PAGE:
On Thursday, Italy luxury fashion house Gucci posted an apology to Twitter following blackface backlash over its $890 black “Balaclava knit top.” The garment features an exaggerated cloth neckline that pulls up and over the nose, not unlike its namesake headwear, and exaggerated, bright red lips—a textbook example of minstrelsy from the early 20th century. What a Black History Month it has been.
Gucci pulled the sweater, writing that the company “deeply apologizes for the offense caused by the wool balaclava jumper,” and “can confirm that the item has been immediately removed from our online store and all physical stores.” A quick search reveals that it’s still available on some third-party online retailers.
The statement continues:
“We consider diversity to be a fundamental value to be fully upheld, respected, and at the forefront of every decision we make. We are fully committed to increasing diversity throughout our organization and turning this incident into a powerful learning moment for the Gucci team and beyond.”
Gucci isn’t the only major fashion house guilty of utilizing racist imagery in its products. In December, Prada apologized and removed a holiday window display that featured monkey creatures with huge, inflated lips only after getting called out. In November, Dolce & Gabbana cancelled a Shanghai fashion show just hours after racist promotional material appeared on their Instagram account showing an Asian model attempting to eat various Italian foods with chopsticks while a man made jokes about “penetrating” a cannoli with chopsticks.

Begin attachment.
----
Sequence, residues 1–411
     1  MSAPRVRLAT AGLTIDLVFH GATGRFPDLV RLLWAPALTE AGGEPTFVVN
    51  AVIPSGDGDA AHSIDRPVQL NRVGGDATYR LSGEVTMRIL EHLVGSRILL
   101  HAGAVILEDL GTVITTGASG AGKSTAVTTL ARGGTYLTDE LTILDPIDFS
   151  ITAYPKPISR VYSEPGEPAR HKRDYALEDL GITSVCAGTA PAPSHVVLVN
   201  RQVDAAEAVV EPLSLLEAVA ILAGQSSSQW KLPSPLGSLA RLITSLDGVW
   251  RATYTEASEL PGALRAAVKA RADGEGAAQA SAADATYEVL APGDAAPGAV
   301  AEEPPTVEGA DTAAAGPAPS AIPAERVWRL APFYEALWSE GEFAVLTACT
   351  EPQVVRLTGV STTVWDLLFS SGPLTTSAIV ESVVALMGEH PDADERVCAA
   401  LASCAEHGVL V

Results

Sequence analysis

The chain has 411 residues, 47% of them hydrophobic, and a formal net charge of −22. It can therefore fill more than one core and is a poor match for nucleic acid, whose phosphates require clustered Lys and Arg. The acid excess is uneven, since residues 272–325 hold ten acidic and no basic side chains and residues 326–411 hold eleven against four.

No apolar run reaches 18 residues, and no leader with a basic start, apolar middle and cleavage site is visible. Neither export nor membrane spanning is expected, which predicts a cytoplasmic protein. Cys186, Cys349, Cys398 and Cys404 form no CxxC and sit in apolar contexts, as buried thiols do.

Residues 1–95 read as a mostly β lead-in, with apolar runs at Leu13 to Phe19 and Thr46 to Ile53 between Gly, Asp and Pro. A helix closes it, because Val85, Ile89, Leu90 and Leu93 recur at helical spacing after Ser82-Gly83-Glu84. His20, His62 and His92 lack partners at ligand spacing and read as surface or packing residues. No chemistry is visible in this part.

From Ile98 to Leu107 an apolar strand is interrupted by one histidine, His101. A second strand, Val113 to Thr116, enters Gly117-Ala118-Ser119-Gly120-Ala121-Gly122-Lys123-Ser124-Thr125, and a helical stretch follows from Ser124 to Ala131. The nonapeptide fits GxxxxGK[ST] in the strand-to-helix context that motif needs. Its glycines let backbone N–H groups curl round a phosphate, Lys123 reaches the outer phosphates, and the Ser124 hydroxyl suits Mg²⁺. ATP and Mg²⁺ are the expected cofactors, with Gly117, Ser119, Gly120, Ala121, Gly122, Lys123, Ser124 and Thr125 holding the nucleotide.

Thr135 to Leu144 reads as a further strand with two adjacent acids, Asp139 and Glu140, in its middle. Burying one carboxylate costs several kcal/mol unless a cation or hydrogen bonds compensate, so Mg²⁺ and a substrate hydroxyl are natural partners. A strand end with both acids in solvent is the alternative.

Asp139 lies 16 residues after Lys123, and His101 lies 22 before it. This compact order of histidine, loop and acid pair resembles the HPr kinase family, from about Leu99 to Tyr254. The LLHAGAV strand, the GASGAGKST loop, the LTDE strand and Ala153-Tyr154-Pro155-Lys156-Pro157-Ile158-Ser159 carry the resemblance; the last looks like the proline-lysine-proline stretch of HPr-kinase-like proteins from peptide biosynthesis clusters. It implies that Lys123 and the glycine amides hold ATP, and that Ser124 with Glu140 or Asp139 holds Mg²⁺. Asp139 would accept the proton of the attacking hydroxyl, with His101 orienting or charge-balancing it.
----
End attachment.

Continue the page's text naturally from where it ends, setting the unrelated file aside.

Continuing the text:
This behavior extends to fast fashion, too: in January 2018, H&M UK pulled a picture from their web store showing a young black boy in a sweater that read, “Coolest monkey in the jungle,” once again, only after outcry.